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Musicians and Creative Artists: How to Build Community & Grow Your Brand & Business by Sharing Your Stories

By Laura Ferreiro

Creating music and art are acts of service. They bring joy, comfort and connection in hard times and can make the good times even better. If only it were that simple. If you’re an independent musician or creative artist pursuing your art as a career, the truth is you’re also an entrepreneur who’s chosen to run a small business. Your work is incredibly valuable, but unless you want an audience of just your besties, your mom and your Uncle Frank, you need to grow a wider audience and establish yourself as a brand that people can connect with, trust and understand.

But how do you do this? One of the most effective ways is by using digital and social media platforms to share your work, tell stories of what inspired you and what motivates you to do the work you do, the challenges you’ve overcome and things you’re passionate about, and share behind-the-scenes glimpses into what you’re doing. All of these create genuine connections with your audience and build the “know, like and trust factor” that’s so that’s so important in establishing your brand and attracting clients, customers and fans.

Here are a few tips for growing building your brand and growing your online community:

  • Share your work, and don’t be shy. Whether it’s the finished product or drafts and demos you’d like feedback on, put it out there, often and consistently. Perfectionism is the enemy so don’t let it hold you back. Remember: done is better than perfect.
  • Share stories about the challenges you’ve overcome, what inspired you to do the work you’re doing, and how you got to where you are today. Even if you think your stories aren’t special or unique, they are! No one else has your backstory or motivations.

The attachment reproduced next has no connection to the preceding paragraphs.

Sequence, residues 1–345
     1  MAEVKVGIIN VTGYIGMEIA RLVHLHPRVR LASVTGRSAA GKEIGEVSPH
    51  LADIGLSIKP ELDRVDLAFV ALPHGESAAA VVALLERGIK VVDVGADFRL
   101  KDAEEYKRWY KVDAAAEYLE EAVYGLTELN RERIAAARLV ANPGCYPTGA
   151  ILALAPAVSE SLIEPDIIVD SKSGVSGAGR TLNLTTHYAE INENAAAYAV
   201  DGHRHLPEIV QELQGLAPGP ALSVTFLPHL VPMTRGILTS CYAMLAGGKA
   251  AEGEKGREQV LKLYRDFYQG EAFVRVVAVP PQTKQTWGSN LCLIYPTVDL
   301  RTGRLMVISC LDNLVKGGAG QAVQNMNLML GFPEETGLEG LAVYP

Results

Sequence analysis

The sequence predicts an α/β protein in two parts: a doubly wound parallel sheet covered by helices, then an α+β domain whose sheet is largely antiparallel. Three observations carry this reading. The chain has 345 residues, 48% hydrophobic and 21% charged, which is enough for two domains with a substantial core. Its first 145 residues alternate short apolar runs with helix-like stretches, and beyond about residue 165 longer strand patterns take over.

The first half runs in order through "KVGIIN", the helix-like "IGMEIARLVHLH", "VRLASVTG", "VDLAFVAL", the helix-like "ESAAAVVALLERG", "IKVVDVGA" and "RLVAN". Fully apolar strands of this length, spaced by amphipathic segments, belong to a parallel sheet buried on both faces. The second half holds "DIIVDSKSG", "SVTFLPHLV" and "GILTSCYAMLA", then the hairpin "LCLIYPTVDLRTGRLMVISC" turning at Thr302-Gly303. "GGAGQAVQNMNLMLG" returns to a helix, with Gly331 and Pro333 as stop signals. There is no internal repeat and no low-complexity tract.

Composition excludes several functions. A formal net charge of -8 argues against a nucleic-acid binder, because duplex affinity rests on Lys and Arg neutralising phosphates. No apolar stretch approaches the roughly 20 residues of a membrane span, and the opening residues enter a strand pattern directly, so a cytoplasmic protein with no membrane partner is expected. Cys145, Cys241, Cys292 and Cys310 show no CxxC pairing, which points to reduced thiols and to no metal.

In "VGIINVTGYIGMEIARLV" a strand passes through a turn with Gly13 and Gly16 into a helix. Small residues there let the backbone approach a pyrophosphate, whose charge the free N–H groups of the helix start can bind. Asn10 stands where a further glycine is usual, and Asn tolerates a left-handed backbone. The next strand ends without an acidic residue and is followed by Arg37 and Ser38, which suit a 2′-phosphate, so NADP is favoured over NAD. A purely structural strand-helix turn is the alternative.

• Connect over the common bond of music and art—your own and the work of others you admire!
  • Share what you’re passionate about, whether it’s gardening, plant-based recipes, film noir or true crime podcasts. Your fans might love it too and eagerly share your enthusiasm. Even if it’s not their thing, your fans will still be interested in finding out why you love it.
  • Don’t limit yourself to only sharing about your one main creative endeavor. If you have others, share about those too. We’re multifaceted beings and that’s what makes us fascinating.
  • Make your content original and lean into your uniqueness. Don’t copy what others are doing, as tempting as it may be. Your uniqueness is your greatest strength!
  • Build community around shared values, whether it’s fighting for women’s rights or protecting the environment.
  • Share about the good causes, nonprofits and organizations you care about. This is a powerful way to build community. It may not resonate with everyone, but it will create a stronger bond with likeminded followers.
  • Separate your worth as a human being from how many fans or followers you have.
  • It’s probably going to take longer than you think, so be patient and keep sharing.

    Not everyone will love what you’re doing, and that’s ok. In fact, that’s a good thing. You want to cultivate your audience—the people who love your work and align with your values. This is far more valuable than finding a large audience who could take it or leave it. As musician Drew Holcomb says, “A creative career is about trying to find your audience, not trying to find any audience.” Take it to heart that the right people will find you if you authentically share your stories and put yourself out there, and they will.

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Laura Ferreiro is a brand storytelling strategist for artists & entrepreneurs who want to genuinely connect with their ideal audience. She helps clients get clear on their authentic brand stories so they can grow their business and feel confident sharing their message.

A marketing strategist and journalist whose writing has appeared in Rolling Stone, NME, the Los Angeles Times, Nylon, Yahoo, LA Weekly, and Variety, she's driven by a desire to tell stories that capture people’s attention and motivate them to action.

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